In 2010, the Hussin brothers began a 2-year bicycle journey across the US documenting stories of people “recycling the American Dream.” It began in Asheville, North Carolina at The ReCyclery bike cooperative.

“OH, YOU’RE LOOKING FOR MATTY? He’s out picking up a generator. Go on up.”

The place looked less like a residence and more like a construction site. A handful of beautiful straw bale structures were scattered around the six and a half acres, spots of civilization in an expanse of overgrown clutter. Building materials and garbage and tools were strewn about, an obstacle course for the myriad chickens and turkeys clucking around. Above our heads, one of the city’s power lines tore through the sky directly above a solar panel mounted in a vegetable garden.

Matty’s laughter crept up on us with that playful enthusiasm you usually only see in children. “Yeah, we try to pretend that’s not there.” His scraggly beard clung to his chin like oily straw. “A couple of good ol’ boys came working through here and they were just like ‘Man! You guys livin’ right here under the power line and you ain’t even hooked into the grid? That’s awesome!’” The sun shot off his lip ring and he scooped up his four-year-old son.

He’s one of the mechanics who taught us everything we know about bicycles. This journey needed a method that spoke to its vision, and traveling by bike seemed like an obvious place to start. We would be forced to attach ourselves to the landscape, and we’d be greatly reducing our dependence on fossil fuels in the process. But the bicycles wouldn’t just pop out of thin air; a great deal of labor, resources, and energy goes into putting a bike on the shelf in the first place. Sure, we’d be more connected once we got the bikes, but that would ignore the other half of the story.

The metal would probably be mined in Brazil, the plastic manufactured in a Chinese factory, and everything would have to be assembled and shipped around the world by a vastly impersonal network. How could we go forward with this journey starting with such a detached and convoluted story? Beyond that, there were more practical factors to consider. We would surely suffer multiple breakdowns along the way, and neither of us knew the first thing about bicycle mechanics. We were looking for an intimate, localized vehicle, and a cacophony of foreign parts thrown together into an indecipherable machine by invisible workers just didn’t fit the bill.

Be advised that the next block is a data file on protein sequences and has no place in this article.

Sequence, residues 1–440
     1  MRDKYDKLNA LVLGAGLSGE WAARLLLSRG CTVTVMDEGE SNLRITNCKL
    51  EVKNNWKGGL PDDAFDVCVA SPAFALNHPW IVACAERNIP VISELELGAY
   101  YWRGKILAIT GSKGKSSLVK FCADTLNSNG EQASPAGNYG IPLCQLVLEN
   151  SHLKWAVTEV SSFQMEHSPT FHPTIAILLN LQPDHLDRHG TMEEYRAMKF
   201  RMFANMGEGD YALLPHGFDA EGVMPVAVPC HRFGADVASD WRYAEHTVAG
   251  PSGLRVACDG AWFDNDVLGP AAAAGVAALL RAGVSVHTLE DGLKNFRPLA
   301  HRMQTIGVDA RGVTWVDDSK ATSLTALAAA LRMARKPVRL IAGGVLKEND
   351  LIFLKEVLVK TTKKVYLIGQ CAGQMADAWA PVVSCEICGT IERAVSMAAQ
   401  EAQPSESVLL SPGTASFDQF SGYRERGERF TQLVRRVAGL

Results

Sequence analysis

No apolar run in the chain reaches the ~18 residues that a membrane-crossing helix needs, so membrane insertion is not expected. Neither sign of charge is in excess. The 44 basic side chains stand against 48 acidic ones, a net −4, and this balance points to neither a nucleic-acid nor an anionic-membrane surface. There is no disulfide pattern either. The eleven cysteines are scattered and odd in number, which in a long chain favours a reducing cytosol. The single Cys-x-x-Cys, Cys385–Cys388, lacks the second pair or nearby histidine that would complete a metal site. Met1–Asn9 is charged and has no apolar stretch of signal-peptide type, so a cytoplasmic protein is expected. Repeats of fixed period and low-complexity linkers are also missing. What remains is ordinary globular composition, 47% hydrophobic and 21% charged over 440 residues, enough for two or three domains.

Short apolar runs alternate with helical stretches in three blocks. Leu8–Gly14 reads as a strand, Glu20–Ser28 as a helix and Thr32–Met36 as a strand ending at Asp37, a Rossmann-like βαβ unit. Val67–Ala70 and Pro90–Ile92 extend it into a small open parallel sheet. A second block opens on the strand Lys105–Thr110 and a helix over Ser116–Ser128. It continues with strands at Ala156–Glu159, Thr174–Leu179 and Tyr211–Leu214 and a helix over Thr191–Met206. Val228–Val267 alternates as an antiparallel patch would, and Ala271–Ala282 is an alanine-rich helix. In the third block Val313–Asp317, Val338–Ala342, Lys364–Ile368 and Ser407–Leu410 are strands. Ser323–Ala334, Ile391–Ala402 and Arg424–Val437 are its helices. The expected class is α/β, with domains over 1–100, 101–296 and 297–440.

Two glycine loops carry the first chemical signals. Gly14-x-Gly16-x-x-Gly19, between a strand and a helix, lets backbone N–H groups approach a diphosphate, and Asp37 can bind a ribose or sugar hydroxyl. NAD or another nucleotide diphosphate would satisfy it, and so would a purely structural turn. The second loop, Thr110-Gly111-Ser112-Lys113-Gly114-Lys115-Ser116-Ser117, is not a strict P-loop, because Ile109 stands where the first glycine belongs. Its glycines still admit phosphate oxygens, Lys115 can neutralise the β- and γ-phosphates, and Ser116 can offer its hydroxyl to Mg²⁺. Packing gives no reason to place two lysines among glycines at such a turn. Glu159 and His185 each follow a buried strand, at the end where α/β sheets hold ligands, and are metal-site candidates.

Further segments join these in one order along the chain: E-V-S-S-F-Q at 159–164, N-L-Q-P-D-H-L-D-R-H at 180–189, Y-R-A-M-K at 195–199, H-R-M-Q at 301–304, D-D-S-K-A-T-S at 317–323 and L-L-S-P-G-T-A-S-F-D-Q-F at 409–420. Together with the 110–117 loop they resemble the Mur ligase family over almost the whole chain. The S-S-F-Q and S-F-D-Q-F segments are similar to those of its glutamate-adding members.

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Screenshot from video above

The reCyclery was started by Joseph and his friend Mike. Joseph used to work full-time for a dot.com on the west coast. After plugging himself in 9 to 5 and slowly learning to hate computers, he and Mike went on a cross-country bicycle trip, ending up in Asheville with a new ambition, divorced from the grind he left in his tracks.

“We figured the best thing we could do was give people bikes,” says Joseph with a subdued drawl lost somewhere between Appalachia and Northern California. It was that simple, and they set up shop. What began with a few ideals and a backyard shack has now blossomed into a full bicycle shop downtown, fueled by a small army of passionate cyclists.

Many people would have taken this ambition and skill to turn a profit, but this group wants something else. “I wouldn’t want to be paid…” Joseph trails off, always chasing a thought just out of reach. “When people are paying for things, they have a more customer-oriented mindset and act like you’re working for them.” His eyes regain focus. “And how many people would come into the project and start being involved just because they could be paid? I do it because I like to do it and if someone doesn’t feel rewarded by that I don’t think they should be involved.”

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There are so many approaches we could have taken to this journey. Flying was out of the question. Driving seemed inappropriate. Buying bicycles would have been a compromise. In the end, building bikes with recycled parts seemed like the only honest approach. Every time we tighten a brake or change gears, the chain will extend all the way back to this little cooperative where it all began.

Learning and teaching and getting tired and filthy with friends is something we couldn’t have bought. It’s given the journey a narrative that isn’t at odds with the stories we tell along the way. As we roll west, the ripple will continue to spread, far away from Matty and Joseph’s quiet sanctuary atop that dusty hill in Asheville, North Carolina.

Noah and Tim are creating a documentary called America Recycled. They are in the midst of a fundraising campaign in which all donations will be matched dollar for dollar, a prize for winning the USA Creative Vision Award. Fundraising ends April 7, 2013. To see this film completed, please donate at USA Projects.

* This post was published in its original form here.